Sanxuary on March 09, 2013:

Tax Corporations and close loop holes and off shore accounts. They often pay no taxes at all and use all infrastructure for free. These people do not hide money they do not have to. They simply pay no taxes and currently taxing the rich is the only way to get any of this revenue. In facts billions can not even be spent because it is sitting untaxed in overseas accounts and is banned from the Country until it is taxed. We should be outsourcing rich people who do not want to pay their taxes by making them move to the Cayman Islands. They should be living in Vietnam where they make their shoes and paying them low tax rates. If they hate Americans so much that they use our infrastructure and out source our jobs we should make them chase their own money elsewhere. Their so damn smart let them prove it elsewhere. You do not have to be real smart to by the government and loop holes but if you can not bribe your employees, you got problems.

Pat from United States on January 14, 2013:

If we close the loop holes they will pay their share. We seem to forget the taxed brackets are based on income.

secularist10 (author) from New York City on December 09, 2012:

Jon, if you think I'm an Obama supporter, you're the one who needs to "wake up." I don't support any of these people. Literally years of conservative and right-of-center economic policy (beginning with Reagan and continuing under Clinton and all Presidents since the 1980s, and under both Democratic and Republican legislatures) have resulted in a fundamentally flawed economic system marked by massive income disparities. The middle and lower classes have stagnated or gotten poorer during this time, while the very rich have done exceedingly well. This flawed economic policy is also what led to the financial crisis and economic crisis that this country is still going through.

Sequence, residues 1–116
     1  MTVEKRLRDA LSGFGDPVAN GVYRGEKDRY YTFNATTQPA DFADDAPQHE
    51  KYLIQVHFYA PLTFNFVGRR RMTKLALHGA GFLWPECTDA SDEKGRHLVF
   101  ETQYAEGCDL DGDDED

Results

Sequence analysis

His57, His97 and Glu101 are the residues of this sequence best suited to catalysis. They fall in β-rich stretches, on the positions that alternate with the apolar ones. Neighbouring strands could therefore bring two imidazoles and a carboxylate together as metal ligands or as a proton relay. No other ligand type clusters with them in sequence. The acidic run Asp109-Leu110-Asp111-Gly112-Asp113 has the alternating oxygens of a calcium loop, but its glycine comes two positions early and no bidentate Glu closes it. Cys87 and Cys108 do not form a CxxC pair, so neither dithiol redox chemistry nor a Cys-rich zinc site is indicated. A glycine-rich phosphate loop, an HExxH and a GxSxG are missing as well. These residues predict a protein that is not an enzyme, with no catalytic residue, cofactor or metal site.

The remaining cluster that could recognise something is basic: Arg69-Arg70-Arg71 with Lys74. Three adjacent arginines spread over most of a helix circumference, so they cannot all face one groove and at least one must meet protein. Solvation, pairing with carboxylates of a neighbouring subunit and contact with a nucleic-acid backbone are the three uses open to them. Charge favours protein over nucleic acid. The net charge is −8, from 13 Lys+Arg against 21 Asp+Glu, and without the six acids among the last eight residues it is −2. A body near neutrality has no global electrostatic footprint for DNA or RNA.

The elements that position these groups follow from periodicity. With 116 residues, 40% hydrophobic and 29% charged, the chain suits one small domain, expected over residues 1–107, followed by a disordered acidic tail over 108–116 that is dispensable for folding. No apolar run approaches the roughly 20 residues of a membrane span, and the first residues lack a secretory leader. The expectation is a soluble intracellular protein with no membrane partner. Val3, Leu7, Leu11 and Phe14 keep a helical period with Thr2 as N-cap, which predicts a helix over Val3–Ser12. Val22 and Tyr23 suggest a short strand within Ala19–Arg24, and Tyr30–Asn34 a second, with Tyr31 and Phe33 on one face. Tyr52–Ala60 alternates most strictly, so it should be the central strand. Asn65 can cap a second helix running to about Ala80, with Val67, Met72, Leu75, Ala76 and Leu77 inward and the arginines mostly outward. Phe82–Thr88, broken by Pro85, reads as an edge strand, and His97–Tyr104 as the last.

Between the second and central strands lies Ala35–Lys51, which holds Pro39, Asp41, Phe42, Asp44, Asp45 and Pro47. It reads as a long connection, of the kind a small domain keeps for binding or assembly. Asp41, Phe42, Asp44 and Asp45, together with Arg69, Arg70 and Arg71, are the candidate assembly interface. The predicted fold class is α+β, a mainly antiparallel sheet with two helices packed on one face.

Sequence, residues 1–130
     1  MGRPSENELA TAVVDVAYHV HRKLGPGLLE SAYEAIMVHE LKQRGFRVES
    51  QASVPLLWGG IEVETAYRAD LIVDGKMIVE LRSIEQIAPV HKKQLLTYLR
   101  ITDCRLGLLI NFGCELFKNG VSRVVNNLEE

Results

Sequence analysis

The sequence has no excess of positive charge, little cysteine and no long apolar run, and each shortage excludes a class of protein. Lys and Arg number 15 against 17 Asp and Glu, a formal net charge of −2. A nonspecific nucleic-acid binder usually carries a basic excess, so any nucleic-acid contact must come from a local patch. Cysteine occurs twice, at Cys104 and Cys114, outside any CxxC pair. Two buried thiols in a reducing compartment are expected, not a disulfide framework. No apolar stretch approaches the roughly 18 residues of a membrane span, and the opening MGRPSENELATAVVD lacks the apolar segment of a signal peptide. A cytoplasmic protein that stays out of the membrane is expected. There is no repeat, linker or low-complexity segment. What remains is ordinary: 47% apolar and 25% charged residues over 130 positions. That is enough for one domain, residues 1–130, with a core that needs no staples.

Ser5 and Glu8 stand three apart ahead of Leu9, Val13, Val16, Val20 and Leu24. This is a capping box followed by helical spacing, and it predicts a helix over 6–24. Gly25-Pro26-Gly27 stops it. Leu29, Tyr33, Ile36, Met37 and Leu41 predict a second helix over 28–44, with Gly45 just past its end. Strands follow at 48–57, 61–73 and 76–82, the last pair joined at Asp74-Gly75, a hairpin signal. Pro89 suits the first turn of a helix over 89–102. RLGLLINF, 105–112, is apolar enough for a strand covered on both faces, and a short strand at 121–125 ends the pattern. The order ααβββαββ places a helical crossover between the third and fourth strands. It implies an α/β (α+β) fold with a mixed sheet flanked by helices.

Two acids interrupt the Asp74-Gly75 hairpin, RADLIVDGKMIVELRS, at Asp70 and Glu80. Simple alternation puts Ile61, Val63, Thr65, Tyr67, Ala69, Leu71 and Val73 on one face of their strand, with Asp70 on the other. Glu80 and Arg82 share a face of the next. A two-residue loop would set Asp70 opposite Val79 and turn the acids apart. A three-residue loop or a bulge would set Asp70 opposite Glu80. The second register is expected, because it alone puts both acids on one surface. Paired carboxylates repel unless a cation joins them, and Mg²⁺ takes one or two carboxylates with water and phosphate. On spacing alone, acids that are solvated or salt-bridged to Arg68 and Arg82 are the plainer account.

I could not care less about the vicissitudes of day-to-day Washington politics or endless election cycles. I have little use for the Republican or Democratic parties. What I do know, however, is that arguments against progressive income taxation, which happen to be in vogue right now among conservatives, are fundamentally flawed and represent wrongheaded economic thinking.

This article is about philosophy and economic policy on a general level, not specific details of a particular President or member of Congress.

Merry Christmas and Happy Holidays to you as well.

JON EWALL from usa on December 07, 2012:


Under the Obama administration, the size of government has increased 25% and today the government controls 60% of the economy. What Obama spends DOES NOT HELP THE ECONOMIC CONDITIONS.

Pelosi spoke today ripping Boehner and the Republicans. Pelosi said ''we need jobs in order to get more revenue''. Wake up, the Democrats have had 2/3s control of our government since 2007-2012.BLAMING THE REPUBLICANS FOR THE FISCAL CLIFF is for idiots to believe and die hard Democrat followers ( liberal & conservatives).


. https://hubpages.com/politics/PRESIDENTBARACKOBAMA...



‘’Taxes do not constitute "money taken out of the economy," because the tax money is then spent on THINGS ? ‘’ WHERE IS THE TAX MONEY COMING FROM, it’s coming from people working ( jobs) and corporations, small business profits or borrowing. There are 23 million workers that are not paying federal taxes .They are not qualifying for tax cuts that have been championed by the Obama administration. Obama pledges not to raise taxes on the 98 % ( a phony number ), 47% don’t pay federal taxes. The middle class working has always carried the tax burden, the rich pass the tax burden to the poor and middle class. Obama wants to build UP the economy from the middle class up, that will never happen because the rich control the money AND THEY ARE THE ONES WHO CREATE JOBS. The President’s plan is not capitalism, his plan is socialism and is a failed plan.


President Barak Obama delivers the State of The Union speech


For all the negotiations, the Democrats and the President have yet to submit a plan as of 12/07/12 to what they will cut to avoid the fiscal cliff. The Republican plan has been submitted two times since the election. The President again is blaming the Republicans and the media is assisting in reporting the lie


House Republicans have now passed 38 jobs bills that are currently stuck in the Democrat controlled Senate. Obama has been silent on the issue, wonder why?



secularist10 (author) from New York City on December 05, 2012: